SEE YOU NEXT YEAR Tomato season is all but over, but here’s your chance to preserve what’s left of the summer crop.
When tomatoes rain, they pour. One day you're wondering if any of yours will ever ripen, and the next day you're wondering what to do with them all.
And then before you know it, the garden gets frosted on, and that's that. You're stuck with the memories of tomatoes that you were able to enjoy, a crimson froth on the wave of summer, and whatever tomatoes you managed to stash away.
But now the tomatoes languish, growing soft on countertop platters, where they're easily taken for granted, as if there will always be tomatoes. One can also feel crushed by the weight of all the responsibility those tomatoes embody.
Whether they come from a flush garden, friendly neighbors, the farmers market or the food bank, if you don't have tomatoes to deal with yet, you will soon. So here are a couple of ways of handling the red monsoon of fall.
Simple Oven-Roasted Tomato Sauce
This sauce is the ultimate way of putting away tomatoes quickly and efficiently while leaving the widest array of options on the table. I leave the sauce uncommitted, and add whatever spices or veggies I care to at the time of cooking.
Remove stem scab and any imperfections. Lay tomatoes flat on a cookie sheet, and roast them at 400 degrees until they collapse into round, wrinkled piles. Remove the tray from the oven. When the tomatoes are cool, lift off the skins, squeezing their pale juice back onto the tray.
Dump the remaining juicy pulp into a thick-bottomed pot and simmer on low heat for an hour or two, until it reaches your desired thickness. Season with salt.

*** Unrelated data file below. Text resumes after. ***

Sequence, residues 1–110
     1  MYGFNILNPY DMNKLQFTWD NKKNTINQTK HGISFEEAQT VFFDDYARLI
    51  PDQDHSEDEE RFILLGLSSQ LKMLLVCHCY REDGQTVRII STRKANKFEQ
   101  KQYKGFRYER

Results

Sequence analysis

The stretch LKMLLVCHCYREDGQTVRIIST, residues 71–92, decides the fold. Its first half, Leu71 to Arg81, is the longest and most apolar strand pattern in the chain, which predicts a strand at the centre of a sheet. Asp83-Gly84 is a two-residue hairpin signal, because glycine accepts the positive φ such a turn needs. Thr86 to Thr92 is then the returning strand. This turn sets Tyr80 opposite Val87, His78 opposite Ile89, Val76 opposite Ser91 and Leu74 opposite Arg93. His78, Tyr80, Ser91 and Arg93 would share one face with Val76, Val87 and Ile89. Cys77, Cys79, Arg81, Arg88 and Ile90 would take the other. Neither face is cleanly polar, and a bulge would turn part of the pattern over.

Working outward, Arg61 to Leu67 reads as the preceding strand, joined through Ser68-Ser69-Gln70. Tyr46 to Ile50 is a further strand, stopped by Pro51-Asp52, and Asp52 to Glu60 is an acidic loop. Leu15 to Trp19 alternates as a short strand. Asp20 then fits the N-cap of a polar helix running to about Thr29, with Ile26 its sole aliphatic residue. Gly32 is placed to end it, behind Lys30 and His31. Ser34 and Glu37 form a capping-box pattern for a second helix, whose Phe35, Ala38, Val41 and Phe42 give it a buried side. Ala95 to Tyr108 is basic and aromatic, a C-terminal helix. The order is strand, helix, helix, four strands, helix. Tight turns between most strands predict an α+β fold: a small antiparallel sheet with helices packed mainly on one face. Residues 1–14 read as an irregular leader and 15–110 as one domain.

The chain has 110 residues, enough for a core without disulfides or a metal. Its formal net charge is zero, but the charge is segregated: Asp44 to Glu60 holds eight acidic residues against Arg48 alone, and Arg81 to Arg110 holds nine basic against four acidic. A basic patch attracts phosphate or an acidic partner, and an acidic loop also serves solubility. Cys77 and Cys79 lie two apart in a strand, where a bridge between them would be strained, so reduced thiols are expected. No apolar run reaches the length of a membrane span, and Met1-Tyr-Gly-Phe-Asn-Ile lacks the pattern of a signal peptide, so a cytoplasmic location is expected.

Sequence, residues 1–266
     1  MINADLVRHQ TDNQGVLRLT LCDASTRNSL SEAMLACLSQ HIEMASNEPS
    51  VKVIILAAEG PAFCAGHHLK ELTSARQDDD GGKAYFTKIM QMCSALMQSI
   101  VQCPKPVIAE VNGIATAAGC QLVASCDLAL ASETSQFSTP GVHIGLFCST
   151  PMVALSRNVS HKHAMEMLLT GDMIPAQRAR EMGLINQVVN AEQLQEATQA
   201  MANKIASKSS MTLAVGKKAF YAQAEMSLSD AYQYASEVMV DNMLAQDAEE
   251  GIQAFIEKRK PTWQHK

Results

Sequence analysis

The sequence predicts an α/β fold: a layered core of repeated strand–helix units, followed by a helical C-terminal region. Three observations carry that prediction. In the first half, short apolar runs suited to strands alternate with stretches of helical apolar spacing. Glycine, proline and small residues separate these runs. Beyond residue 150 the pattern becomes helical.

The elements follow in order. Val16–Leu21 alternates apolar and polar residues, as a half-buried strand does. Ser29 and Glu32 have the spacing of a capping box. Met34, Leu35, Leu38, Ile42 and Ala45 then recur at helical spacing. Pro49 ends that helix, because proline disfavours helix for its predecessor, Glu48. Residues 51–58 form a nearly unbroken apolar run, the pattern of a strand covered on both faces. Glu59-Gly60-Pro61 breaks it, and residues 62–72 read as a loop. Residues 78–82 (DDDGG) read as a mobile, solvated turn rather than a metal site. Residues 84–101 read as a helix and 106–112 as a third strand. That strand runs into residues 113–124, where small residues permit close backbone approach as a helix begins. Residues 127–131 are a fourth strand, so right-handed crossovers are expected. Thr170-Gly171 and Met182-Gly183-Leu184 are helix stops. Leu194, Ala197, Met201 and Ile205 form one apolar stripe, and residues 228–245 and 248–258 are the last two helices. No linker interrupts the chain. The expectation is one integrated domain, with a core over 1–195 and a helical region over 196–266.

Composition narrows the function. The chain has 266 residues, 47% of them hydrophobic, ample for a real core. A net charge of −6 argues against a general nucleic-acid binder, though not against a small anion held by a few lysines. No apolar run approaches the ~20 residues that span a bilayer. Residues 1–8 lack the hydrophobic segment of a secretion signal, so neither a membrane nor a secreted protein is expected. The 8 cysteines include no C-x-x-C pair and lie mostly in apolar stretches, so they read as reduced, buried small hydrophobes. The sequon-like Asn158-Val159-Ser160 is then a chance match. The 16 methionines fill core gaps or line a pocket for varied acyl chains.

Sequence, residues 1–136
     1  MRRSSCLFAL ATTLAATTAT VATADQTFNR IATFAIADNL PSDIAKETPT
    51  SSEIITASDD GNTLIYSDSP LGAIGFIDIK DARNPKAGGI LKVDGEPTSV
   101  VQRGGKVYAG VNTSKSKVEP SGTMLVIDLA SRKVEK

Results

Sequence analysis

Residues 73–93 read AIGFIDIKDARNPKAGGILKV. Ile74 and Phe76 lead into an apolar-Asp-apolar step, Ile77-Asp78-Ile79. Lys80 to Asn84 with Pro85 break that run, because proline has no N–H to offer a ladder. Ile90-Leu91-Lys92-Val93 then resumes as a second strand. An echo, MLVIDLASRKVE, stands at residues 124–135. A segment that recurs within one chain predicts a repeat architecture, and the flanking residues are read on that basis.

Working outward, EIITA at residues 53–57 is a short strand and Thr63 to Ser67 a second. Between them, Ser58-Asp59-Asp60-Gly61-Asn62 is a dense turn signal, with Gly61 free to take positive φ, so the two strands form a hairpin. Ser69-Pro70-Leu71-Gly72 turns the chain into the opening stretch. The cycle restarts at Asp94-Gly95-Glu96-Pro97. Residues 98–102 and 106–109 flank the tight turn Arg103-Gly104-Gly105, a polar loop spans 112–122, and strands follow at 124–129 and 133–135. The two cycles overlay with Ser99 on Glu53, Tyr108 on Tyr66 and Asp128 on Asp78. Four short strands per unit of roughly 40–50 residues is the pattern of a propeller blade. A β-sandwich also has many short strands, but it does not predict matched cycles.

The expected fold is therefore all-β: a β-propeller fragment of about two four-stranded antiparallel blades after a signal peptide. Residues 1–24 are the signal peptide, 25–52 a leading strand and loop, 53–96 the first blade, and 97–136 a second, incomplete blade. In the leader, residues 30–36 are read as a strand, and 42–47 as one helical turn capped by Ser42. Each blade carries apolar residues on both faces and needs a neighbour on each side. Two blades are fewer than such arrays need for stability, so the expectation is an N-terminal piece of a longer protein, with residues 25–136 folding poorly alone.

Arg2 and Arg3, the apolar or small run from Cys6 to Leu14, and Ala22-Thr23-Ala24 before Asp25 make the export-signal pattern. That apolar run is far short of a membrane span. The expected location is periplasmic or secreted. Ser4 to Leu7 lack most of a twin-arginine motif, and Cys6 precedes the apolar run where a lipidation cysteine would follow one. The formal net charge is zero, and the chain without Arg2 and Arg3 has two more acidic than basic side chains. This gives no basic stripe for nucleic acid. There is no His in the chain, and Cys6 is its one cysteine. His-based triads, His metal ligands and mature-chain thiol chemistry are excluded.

Assemble your sterilized jars. Add a tablespoon of vinegar to each quart, and half a tablespoon to each pint. Then ladle the sauce into the jars and process for 20 minutes in a boiling water bath. This sauce can also be frozen in freezer bags, after letting it cool.
Ma Ma's Chunky Spicy Ketchup
This sauce, courtesy of my friend Allen Broach's grandmother, comes from Southern plantation country. The original recipe uses canned, drained tomatoes, but I've made it with fresh tomatoes, and it works great. The juicier specimens, however, might take longer to cook down sufficiently. I like to use a combination of Roma and slicing tomatoes.
4 quarts canned (drained) or fresh tomatoes, coarsely chopped
1 rounded tbsp. whole mixed pickling spices, tied in 5-by-5-inch square of cheesecloth, and crushed with a mallet
2 tsp. salt
1/2 tsp. black peppercorns (Broach admits to using a lot more)
1 c. sugar
3/4 c. dark vinegar (I used cider)
5 medium onions, chopped
1 or 2 pods hot pepper (optional, but recommended)
Add everything to a thick-bottomed pot and cook on low/medium for two to three hours, stirring often. Occasionally mash the bag of spices to release flavors.
Pour into sterilized jars, process in a hot water bath for 10 minutes. Keep them away from my Ma Ma-in-law, as she would happily eat them all.